Ms. Goffman, who grew up in the Center City neighborhood of Philadelphia, said she took her first field notes as a teenager, recording observations about the Italian-American side of her family in South Philadelphia. By her sophomore year at Penn, she had moved full time to a mixed-income African-American neighborhood and was hanging out on a tough strip she calls 6th Street (all names and places in the book are disguised), fully immersing herself in local culture.
She abandoned her vegetarian diet, listened only to mainstream hip-hop and R&B, and adopted local “male attitudes, dress, habits, and even language,” as she puts it in a long appendix, describing her research methods. While drugs, and drug selling, pervaded the neighborhood, she did not use them, she writes, partly because “it hampered writing the field notes.”
By her own account, she lost most of her college friends, and struggled to complete her non-sociology requirements. Her thesis, advised by the noted ethnographer Elijah Anderson, won her a book contract from the University of Chicago (probably the first based on undergraduate research the publisher has ever signed, said Douglas Mitchell, its executive editor).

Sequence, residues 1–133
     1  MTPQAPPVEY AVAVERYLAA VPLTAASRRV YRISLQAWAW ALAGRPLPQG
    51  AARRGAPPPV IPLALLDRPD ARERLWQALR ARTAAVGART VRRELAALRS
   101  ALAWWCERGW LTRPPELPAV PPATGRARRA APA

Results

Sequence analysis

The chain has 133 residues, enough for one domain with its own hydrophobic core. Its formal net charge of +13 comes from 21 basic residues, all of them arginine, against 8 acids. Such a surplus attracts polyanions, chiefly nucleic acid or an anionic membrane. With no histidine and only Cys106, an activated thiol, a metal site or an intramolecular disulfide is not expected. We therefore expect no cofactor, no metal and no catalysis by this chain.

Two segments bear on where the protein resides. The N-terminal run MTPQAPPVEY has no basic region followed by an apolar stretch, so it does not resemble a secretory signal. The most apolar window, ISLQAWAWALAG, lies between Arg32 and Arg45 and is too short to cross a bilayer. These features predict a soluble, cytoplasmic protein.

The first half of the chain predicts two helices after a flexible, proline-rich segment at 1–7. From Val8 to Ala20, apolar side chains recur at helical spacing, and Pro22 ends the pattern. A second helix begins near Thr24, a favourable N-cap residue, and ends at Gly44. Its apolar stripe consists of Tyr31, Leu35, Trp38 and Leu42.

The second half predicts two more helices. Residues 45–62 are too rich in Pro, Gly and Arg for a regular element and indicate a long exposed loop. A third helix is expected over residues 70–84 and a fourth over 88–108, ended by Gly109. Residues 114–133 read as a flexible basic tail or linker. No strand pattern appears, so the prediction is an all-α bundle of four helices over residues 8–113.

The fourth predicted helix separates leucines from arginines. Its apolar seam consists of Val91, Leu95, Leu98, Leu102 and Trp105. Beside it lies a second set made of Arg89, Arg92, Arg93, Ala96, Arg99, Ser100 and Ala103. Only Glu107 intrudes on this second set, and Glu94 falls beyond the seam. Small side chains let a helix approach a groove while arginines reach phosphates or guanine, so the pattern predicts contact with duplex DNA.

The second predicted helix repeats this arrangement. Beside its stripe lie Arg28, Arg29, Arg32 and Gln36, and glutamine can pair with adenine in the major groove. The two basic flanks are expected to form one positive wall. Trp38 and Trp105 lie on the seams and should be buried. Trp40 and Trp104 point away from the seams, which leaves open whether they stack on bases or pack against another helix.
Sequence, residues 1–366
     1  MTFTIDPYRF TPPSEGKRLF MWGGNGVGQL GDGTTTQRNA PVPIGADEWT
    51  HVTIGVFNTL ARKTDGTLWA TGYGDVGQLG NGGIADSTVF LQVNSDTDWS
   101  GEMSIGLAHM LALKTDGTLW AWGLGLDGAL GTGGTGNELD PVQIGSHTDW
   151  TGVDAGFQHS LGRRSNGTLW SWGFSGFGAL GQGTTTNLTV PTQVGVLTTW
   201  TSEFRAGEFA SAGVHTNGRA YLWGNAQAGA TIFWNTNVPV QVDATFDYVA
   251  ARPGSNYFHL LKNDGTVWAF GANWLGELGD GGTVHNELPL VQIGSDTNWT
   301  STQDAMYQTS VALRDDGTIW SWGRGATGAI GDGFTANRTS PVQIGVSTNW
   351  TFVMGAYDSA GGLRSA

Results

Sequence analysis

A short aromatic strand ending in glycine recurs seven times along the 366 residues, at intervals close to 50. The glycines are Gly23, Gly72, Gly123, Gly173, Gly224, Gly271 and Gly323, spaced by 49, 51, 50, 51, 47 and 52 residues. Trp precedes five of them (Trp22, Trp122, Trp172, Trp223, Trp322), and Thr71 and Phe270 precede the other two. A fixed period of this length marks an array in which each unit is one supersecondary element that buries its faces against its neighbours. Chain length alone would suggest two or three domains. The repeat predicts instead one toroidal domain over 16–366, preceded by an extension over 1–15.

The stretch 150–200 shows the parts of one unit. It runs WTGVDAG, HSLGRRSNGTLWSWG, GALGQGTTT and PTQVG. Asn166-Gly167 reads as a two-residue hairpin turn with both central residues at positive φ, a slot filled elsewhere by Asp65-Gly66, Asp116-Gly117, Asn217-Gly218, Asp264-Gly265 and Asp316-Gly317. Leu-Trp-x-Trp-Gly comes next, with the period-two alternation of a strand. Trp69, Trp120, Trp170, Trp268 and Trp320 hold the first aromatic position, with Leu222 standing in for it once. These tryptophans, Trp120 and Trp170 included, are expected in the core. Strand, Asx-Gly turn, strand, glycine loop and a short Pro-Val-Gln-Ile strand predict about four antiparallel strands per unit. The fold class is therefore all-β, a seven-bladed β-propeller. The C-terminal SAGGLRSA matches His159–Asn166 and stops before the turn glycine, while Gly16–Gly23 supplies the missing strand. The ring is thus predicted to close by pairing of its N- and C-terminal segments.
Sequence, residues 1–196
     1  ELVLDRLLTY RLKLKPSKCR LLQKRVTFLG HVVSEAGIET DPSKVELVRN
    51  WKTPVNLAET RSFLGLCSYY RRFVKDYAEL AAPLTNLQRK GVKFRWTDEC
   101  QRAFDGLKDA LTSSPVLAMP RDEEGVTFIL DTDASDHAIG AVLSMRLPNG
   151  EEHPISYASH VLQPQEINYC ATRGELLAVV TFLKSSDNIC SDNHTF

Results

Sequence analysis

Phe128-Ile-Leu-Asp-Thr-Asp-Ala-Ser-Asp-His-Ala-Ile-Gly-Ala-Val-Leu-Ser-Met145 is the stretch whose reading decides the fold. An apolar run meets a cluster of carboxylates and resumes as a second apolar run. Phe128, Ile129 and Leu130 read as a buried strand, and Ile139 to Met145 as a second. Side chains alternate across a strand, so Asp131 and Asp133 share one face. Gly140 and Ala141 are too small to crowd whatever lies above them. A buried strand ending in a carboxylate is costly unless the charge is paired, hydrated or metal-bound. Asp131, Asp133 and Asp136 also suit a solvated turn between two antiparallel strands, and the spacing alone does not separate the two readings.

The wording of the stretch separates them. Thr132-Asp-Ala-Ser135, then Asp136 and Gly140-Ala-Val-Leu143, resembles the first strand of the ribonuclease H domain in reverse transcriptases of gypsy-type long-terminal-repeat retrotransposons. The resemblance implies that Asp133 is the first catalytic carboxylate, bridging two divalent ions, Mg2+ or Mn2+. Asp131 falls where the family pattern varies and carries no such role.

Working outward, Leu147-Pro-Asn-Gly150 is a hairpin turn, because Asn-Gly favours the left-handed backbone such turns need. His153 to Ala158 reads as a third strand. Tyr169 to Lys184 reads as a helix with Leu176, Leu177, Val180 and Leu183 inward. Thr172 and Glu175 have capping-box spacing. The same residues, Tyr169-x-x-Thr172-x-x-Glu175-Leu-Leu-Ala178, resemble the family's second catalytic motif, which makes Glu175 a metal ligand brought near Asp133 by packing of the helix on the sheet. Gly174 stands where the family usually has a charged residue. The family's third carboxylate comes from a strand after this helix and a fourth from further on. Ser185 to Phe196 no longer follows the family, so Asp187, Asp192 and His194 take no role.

It may sound “absurd” now, Ms. Goffman said of her extreme immersion. “But I was trying to take the participant-observer approach as seriously as possible.”
Fieldwork is intended to get an in-depth view of real life through long periods of observation and interaction. This sounds like going the extra step to truly find out what is going on. I wonder if there isn’t another element involved: Goffman worked in areas that many, the public or academics, might consider dangerous for significant periods of time. In other words, even most sociologists, who tend to be interested in addressing social issues and using a variety of research methods, would not go as far as Goffman did. All of this makes me wonder how much we might have missed about the world because sociologists and others might not always be willing to go further.